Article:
Top fish supermarkets named by conservation campaigners
December 12 2011 Lewis Smith
Smoked salmon from the Co-op
Marks & Spencer and the Co-operative are the best supermarkets for providing customers with sustainable fish, the Marine Conservation Society has said.
The two supermarkets set the gold standard for the fish they sell and the policies they follow to ensure they are not causing long term damage to the marine environment.
Sainsbury and Waitrose shared a silver medal spot in the survey conducted by the MCS after impressing the judges with their approach to buying seafood.
Other leading supermarkets, however, were urged to take urgent action to improve their record on the fish they sell. Morrison’s, Tesco, Iceland and Booth’s were all praised for making efforts to use fish from sustainable sources and to follow marine-friendly policies but all fell short of the MCS’s bronze standard.
Asda, Lidl, Budgens, Farmfoods, Spar and Aldi were all criticised for not returning the survey form sent to them.
David Parker, MCS Fisheries Officer, said: “The 2011 survey has thrown up both positives and negatives. Some supermarkets are really working on their seafood polices with a positive attitude towards improvement – although most policies disappointingly only refer to their own brands. Many supermarkets are working hard on their farmed and wild caught fish sourcing.
“However, labelling continues to be a stumbling block for almost all retailers, and that’s an area we hope to be able to work with more supermarkets on as it’s key to consumers making the right decision.”
In the citations for the gold medal winners the Co-op, which does not sell any of the species on the MCS fish to avoid list, was described as “a great choice for buying sustainable seafood”.
Sean Toal, acting chief executive of the Co-op, said: “To top the Marine Conservation Society Supermarket Survey demonstrates our commitment to responsible sourcing and sustainable seafood. Our Responsible Fish Sourcing Policy, engagement in seafood sustainability initiatives and the work we have done to eliminate ‘Fish to avoid’ identified by MCS scored particularly highly.
M&S was commended for having the best seafood policy and the supermarket was described by the MCS as “a great option for consumers when shopping for sustainable seafood”.
What the MCS said
M&S: Good percentage of species on fish to eat list, impressive record on influencing industry to be more sustainable. Needs to improve labelling.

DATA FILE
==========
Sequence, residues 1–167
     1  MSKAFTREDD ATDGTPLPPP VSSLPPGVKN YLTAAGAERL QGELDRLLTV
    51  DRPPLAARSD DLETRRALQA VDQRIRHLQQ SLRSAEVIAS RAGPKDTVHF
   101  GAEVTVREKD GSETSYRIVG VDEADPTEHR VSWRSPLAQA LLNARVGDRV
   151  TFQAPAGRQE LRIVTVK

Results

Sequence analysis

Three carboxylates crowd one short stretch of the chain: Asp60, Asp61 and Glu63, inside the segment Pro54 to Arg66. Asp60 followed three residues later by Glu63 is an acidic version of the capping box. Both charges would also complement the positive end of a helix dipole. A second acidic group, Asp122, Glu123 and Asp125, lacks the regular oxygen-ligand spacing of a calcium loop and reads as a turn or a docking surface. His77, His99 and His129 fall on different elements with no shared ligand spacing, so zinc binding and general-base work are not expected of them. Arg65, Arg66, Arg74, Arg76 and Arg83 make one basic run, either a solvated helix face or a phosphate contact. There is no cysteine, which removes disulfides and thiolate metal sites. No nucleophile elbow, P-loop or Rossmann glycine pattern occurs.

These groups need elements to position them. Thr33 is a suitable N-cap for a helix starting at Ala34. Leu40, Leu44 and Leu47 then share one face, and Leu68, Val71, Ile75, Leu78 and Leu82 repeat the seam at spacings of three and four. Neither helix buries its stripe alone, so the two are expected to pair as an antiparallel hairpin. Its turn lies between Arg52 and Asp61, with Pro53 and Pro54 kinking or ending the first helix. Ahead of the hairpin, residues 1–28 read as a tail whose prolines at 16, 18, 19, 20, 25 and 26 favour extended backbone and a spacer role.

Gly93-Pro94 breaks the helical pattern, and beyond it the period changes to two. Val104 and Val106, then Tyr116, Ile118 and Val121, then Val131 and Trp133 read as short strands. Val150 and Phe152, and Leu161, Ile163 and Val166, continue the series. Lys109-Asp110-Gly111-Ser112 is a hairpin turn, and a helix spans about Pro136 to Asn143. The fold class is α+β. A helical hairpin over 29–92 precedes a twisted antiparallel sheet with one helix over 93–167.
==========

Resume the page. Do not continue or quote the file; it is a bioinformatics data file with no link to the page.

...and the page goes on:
Co-op: Good on sustainability initiatives, good policy and does not sell species on the fish to avoid list. Needs to widen policy to cover all fish, not just own-brand.
Sainsbury: Has the best policy on farmed fish and is extremely good on taking the initiative on sustainable fish. Needs to take some struggling fish species off its counters.
Waitrose: Keeps species on the MCS fish to avoid list off its shelves and has the best policy on wild capture. Needs better labelling and to widen policy to cover all fish, not just own-brand.
Tesco: More than half of fish on offer are on the MCS’s fish to eat list. Has worked hard to improve record on sustainability. But has a high proportion of species on the fish to avoid list.
Iceland: Has a good proportion of species from the MCS fish to eat list and low sales of the fish to avoid. But the aquaculture policy needs improving.
Morrisons: Has the best labelling and a good proportion of species are on the MCS’s fish to eat list. Needs to engage in sustainability initiatives and to improve its farmed fish policy.
Booth’s: Provides a good proportion of species from the fish to eat list and does not stock those on the fish to avoid list. Needs to engage in sustainability initiatives and to improve its seafood policy.
For further details click here to see the MCS report.
For the MCS fish guide app click here.
The MCS offers guidance based on scientific analysis on which species of fish are in trouble and those that can be fished at sustainable levels. Fish2fork uses the MCS advice in its restaurant ratings.
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